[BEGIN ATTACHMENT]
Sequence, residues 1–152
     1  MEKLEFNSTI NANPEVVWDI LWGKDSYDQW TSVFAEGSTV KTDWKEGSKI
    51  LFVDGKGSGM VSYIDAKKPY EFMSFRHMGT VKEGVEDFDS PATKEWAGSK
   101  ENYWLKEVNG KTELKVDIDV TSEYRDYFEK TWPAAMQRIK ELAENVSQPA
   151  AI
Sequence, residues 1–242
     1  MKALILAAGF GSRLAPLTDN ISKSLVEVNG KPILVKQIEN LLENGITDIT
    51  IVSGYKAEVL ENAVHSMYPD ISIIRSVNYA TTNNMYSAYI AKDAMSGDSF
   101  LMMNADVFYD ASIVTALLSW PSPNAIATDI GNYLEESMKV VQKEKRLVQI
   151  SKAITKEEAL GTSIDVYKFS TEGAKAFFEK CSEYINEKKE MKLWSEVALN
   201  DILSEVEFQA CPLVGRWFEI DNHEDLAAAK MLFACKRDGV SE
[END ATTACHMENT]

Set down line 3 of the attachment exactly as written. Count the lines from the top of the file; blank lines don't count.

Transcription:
    51  LFVDGKGSGM VSYIDAKKPY EFMSFRHMGT VKEGVEDFDS PATKEWAGSK